Regularised NNs were trained to provide an accurate and smooth regression of the QuaLiKiz dataset. Significant effort was made in ensuring the consistency of the regression with key physical features of tokamak turbulent transport. This includes sharp critical gradients for the onset of ITG, TEM, and ETG turbulent transport, maintaining the identical critical gradient for all transport channels (ion and electron heat, and particle transport), and ensuring that no spurious positive fluxes are ever predicted by the NN in regions where QuaLiKiz predicts mode stability. These constraints were achieved by customised neural network optimization cost functions, and a careful choice of regressor variables. A high quality regression was achieved, illustrated by accurate reproduction of complex structure such as ITG-TEM transitions a shown in Figure 1.

The resultant neural network transport model, QLKNN, was coupled to the tokamak modelling framework JINTRAC [6,7] and rapid control-oriented tokamak transport solver RAPTOR [8]. The coupled frameworks were benchmarked, and then validated against the original QuaLiKiz model within integrated modelling for three JET shots covering a representative spread of H-mode operating space, predicting turbulent transport of energy and particles in the plasma core. JINTRAC-QLKNN and RAPTOR-QLKNN are able to accurately reproduce JINTRAC-QuaLiKiz and , but 3 to 5 orders of magnitude faster. Simulations which take hours are reduced down to only a few tens of seconds. Further numerical optimisation is still feasible, foreseen to enable realtime predictions. The discrepancy in the final flux-driven predicted profiles between QLKNN and QuaLiKiz within integrated modelling is on the order 1%-15%. See Figure 2 for an example from JET hybrid scenario 92398. Dynamic behaviour was well captured by QLKNN, with differences of only 4%-10% compared to JINTRAC-QuaLiKiz observed at mid-radius, for a study of density buildup following the L-H transition, as seen in Figure 3.

Following the QLKNN model development and initial validation, ongoing work focuses on extensive experimental validation of QLKNN predictions, highly facilitated by the model speed, as well as using QLKNN for scenario optimisation and design. The QLKNN model itself is currently being extended to larger input space, focusing on the impurity density gradient, and multiple-ion transport important for multiple-isotope fuelling applications and impurity transport. Additionally, using a robust method to fit a large amount of experimental kinetic profiles [10], one can base a training set on experimental data, instead of the hyperrectangle methodology described here, allowing for more input dimensions to be used. Finally, we are exploring methods to incorporate prior physics knowledge directly into the neural network architecture itself, for example by constraining the mapping to a critical gradient model. Deployment of neural network surrogate models – also beyond turbulent transport - within multi-physics integrated tokamak modelling is in general a highly promising route towards enabling accurate and fast tokamak scenario optimization, Uncertainty Quantification, and control applications.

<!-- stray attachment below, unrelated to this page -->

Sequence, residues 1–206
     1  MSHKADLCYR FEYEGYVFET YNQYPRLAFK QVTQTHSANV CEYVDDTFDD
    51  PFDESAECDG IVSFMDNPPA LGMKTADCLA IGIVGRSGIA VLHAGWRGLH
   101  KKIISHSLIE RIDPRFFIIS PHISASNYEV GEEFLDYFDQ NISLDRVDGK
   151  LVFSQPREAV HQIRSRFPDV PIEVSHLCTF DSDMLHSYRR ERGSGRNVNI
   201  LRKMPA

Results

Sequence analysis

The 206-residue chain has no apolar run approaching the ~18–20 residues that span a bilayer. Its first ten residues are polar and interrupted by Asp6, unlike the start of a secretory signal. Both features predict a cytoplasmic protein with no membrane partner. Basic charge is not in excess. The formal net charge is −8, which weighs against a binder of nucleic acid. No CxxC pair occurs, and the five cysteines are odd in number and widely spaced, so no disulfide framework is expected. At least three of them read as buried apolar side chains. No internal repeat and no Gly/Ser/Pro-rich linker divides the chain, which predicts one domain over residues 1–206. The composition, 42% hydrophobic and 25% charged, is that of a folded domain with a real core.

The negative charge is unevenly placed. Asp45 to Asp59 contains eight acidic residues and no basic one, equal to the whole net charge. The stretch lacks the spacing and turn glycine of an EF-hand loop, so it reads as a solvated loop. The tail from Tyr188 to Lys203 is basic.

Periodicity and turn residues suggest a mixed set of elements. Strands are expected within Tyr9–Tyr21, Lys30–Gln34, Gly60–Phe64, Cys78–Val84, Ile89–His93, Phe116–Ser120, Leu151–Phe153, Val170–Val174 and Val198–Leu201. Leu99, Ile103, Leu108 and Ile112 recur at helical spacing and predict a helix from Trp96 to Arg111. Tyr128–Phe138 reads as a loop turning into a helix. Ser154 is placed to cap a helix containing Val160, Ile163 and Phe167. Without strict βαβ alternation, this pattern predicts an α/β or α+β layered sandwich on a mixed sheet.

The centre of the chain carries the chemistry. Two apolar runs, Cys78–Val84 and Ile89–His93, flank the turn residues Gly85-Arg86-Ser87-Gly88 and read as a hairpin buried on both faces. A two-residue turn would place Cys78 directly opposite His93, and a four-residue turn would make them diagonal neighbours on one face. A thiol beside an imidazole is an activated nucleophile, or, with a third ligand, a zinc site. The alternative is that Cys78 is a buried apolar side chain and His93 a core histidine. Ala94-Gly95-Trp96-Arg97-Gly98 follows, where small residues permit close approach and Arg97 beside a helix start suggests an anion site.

References

[1] J. Citrin et al., Plasma Phys. Control. Fusion 59, 124005 (2017), and http://qualikiz.com
[2] C. Bourdelle et al., Plasma Phys. Control. Fusion 58, 014036 (2016)
[3] G. M. Staebler, J. E. Kinsey, and R. E. Waltz, Phys. Plasmas 14, 055909 (2007)
[4] K.L. van de Plassche et al., Phys. Plasmas 27, 022310 (2020)
[5] F. Jenko, W. Dorland, M. Kotschenreuther and B.N. Rogers, Phys. Plasmas 7 1904 (2000), and http://genecode.org
[6] G. Cenacchi and A. Taroni, JET-IR , 84 (1988), eNEA-RT-TIB–88-5
[7] M. Romanelli et al., Plasma and Fusion research 9, 3403023 (2014)
[8] F. Felici et al., Nucl. Fusion 58, 096006 (2018)
[9] A. Ho et al., Nucl. Fusion 59, 056007 (2019)

Country or International Organization Netherlands DIFFER

### Primary authors

Karel van de Plassche (DIFFER-Dutch Institute for Fundamental Energy Research, Eindhoven, the Netherlands) Jonathan Citrin (FOM DIFFER - Dutch Institute for Fundamental Energy Research) clarisse bourdelle (CEA, IRFM, F-13108 Saint-Paul-lez-Durance, France.) Yann Camenen (CNRS) Francis Casson (UKAEA) Mr Victor Dagnelie (DIFFER) Federico Felici (EPFL-SPC) Mr Aaron Ho (DIFFER) Mr Simon Van Mulders (EPFL-SPC)